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When I introduced Wacom Bamboo Pen tablets to my middle school art students, they were quick to point out the inherent weaknesses of the tool; in that special kind of way that only a middle schooler can muster. “I can’t draw with this, it feels like I’m sliding a snot covered chopstick along the table!”, was my personal favorite quote that expresses the initial feeling that many of us had when we first picked up the Bamboo pen. Of course, those of us who stuck with it and worked through the learning curve began to appreciate, if not flat out love the Bamboo. But many of us, myself included, always yearned for the tactile feel of a pencil on paper as we worked our digital canvas.
I’d almost forgotten that longing when my Bamboo Pen and Touch tablet made it’s final voyage into the digital playground in the sky. Until, that is, I replaced it with a Wacom Intuos Medium. Something magical happened when I first touched the pen to the tablet. I was reminded of the early days of the Bamboo, silently lamenting the slickness of the pen on the tablet, and that lingering thought of “I’d really rather be drawing on paper right now…” If you want to take the easy (but moderately spendy) route and upgrade from your Bamboo to an Intuos, it’s an upgrade well worth the investment! But, if you’re one of the frugal ones (like me) who are looking for some life hacks to make the Bamboo feel a bit more like paper and pencil rather than pony up the $300+ for an Intuos5 Medium ($200 for the Small version), you’re in luck, just read on my friend!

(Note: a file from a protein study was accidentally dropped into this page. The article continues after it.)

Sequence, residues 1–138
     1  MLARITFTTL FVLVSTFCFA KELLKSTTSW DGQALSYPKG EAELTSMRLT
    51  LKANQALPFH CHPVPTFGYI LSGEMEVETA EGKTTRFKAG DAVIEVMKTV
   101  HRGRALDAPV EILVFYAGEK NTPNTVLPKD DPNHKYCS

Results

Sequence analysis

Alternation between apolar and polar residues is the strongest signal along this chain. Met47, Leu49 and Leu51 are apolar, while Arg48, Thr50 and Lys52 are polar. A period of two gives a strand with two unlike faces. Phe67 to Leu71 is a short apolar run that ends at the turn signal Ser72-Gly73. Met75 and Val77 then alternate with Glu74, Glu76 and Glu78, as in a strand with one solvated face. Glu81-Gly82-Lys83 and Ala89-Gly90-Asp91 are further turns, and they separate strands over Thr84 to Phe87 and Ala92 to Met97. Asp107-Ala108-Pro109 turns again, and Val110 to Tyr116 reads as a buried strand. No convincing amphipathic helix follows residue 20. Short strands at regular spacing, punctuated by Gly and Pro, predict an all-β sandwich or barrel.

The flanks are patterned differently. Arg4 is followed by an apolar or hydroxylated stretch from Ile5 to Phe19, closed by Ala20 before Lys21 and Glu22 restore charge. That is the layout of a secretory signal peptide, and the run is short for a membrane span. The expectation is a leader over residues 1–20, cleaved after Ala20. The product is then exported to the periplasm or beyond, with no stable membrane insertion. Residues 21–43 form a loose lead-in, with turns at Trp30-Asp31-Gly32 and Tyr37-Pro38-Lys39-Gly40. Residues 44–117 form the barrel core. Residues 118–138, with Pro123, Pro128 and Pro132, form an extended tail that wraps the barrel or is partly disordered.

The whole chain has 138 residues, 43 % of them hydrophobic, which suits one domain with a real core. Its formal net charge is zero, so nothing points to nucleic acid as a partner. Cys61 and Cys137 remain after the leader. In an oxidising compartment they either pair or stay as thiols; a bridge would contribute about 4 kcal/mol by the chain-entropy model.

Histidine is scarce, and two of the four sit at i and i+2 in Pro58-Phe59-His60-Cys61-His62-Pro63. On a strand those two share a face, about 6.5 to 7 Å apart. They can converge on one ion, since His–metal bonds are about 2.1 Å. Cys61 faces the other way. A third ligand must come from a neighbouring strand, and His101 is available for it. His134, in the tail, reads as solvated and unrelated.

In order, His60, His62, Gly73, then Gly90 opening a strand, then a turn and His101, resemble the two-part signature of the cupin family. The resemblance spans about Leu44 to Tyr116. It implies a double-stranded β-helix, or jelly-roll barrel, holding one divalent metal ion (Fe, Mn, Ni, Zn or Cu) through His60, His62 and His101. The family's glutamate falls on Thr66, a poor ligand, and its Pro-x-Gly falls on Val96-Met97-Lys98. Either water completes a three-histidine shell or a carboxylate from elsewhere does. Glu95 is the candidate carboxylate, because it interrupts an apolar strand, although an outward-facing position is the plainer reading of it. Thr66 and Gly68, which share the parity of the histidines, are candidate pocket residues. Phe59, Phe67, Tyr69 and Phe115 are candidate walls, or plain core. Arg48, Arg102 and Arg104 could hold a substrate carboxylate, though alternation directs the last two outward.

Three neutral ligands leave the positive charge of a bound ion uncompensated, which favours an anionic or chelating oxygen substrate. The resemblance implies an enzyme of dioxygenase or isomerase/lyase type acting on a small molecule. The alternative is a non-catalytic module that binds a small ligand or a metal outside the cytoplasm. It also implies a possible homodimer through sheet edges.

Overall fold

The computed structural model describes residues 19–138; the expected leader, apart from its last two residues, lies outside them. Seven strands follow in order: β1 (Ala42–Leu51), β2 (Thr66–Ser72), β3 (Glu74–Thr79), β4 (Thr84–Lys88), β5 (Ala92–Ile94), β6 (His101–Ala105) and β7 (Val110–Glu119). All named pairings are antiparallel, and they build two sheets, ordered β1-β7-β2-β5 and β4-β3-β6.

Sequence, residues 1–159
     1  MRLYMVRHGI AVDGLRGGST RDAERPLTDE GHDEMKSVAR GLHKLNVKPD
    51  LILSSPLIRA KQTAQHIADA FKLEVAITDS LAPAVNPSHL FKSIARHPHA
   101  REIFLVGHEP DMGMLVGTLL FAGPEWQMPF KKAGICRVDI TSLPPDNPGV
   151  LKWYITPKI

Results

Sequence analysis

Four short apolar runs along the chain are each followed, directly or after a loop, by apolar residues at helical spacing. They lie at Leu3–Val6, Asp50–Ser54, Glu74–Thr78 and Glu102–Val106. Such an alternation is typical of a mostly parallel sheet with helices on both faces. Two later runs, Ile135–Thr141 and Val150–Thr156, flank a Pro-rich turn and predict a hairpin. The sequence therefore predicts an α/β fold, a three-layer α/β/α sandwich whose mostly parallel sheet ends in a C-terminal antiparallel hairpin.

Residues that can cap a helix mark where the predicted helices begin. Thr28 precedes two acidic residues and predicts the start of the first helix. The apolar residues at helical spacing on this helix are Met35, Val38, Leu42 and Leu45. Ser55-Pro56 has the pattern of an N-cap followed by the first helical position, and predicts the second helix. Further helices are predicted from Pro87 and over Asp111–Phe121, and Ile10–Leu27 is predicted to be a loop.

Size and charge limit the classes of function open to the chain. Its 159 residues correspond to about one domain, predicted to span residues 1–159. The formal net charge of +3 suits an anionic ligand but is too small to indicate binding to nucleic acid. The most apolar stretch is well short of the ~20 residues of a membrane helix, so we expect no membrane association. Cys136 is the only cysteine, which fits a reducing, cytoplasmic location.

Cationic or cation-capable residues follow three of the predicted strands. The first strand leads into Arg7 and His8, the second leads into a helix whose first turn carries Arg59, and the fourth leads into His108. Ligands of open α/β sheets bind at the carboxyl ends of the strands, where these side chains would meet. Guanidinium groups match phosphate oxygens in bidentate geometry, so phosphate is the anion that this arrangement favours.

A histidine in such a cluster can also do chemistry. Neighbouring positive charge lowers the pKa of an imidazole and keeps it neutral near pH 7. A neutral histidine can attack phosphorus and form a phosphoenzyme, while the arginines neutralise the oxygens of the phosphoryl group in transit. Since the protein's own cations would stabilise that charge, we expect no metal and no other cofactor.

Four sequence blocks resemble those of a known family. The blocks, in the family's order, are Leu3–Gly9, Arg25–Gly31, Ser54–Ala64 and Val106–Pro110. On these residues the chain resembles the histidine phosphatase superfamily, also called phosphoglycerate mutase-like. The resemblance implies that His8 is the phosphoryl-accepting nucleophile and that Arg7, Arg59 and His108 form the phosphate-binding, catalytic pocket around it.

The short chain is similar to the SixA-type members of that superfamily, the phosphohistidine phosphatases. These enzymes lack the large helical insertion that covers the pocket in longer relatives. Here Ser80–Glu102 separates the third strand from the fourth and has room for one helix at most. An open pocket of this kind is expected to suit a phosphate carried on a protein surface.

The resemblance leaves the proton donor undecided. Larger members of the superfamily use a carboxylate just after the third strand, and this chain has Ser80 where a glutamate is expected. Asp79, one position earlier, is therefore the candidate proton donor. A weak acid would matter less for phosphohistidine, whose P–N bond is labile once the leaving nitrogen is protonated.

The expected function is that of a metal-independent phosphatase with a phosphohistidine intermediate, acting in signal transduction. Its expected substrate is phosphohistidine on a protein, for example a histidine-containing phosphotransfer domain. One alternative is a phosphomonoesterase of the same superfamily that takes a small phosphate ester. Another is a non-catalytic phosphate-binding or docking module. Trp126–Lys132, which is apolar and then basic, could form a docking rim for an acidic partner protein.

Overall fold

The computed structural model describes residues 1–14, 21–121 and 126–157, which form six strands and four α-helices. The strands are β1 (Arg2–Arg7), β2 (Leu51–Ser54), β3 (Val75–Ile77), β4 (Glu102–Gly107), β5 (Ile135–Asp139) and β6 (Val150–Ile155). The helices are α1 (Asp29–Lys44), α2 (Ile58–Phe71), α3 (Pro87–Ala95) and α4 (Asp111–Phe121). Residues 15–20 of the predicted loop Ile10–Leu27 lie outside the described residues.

The first “hack” I learned for the Bamboo tablet is to cover the active surface of the tablet with a toothy drawing paper. One of my middle schoolers actually taught me this one. It was one of those mind-blown moments that made me wonder, “Why didn’t I think of that?!?!?” The paper won’t interfere with the interface, and provides a tactile experience much closer to drawing on paper, even when using the standard hard plastic nib in the Bamboo pen. There’s even enough surrounding area on the Bamboo tablets that you can tape along the edge of the paper to keep it in place without the tape getting in the way of anything. Different papers will change the feel of the pen, test out a few and find your favorite!
An inexpensive mod is to replace the hard plastic nib in your Bamboo input pen with one of the options that come standard with the Intuos line. I’ve tested all the standard nibs with a Bamboo Pen tablet I still have laying around, and none of them failed to work at least as well as the hard plastic nibs standard in the Bamboo pens. On the Bamboo tablet, I preferred the grey felt nib. This nib creates a bit more friction with the smooth tablet surface and puts you closer to the drawing on paper experience than the others. On my Intuos, I prefer the spring loaded nib, especially for digital inking. Without adding a toothy paper to the Bamboo’s tablet surface this nib was just too slick for my tastes though. Lastly, all of the plastic nibs from the Intuos feel pretty much the same on the Bamboo, providing the same slick and disconnected feeling as the standard Bamboo nib.
Lastly, if you are one of those who haven’t adjusted the settings on your Bamboo, take a few minutes and go play with those! Drawing and painting are skills we all approach in a slightly different way, and using a standard setting is the greatest disservice you can do yourself. The adjustments available through the Wacom software included with all the Wacom tablets will help you customize the feel of your personal device, and make your digital creative experience that much better. Oh yeah, they should also make your digital art work better in the process!
Axton Kahler is a middle school art teacher in Nebraska, and creator of http://zombieoakscomic.com. Follow him on Twitter at @ZombieOaks.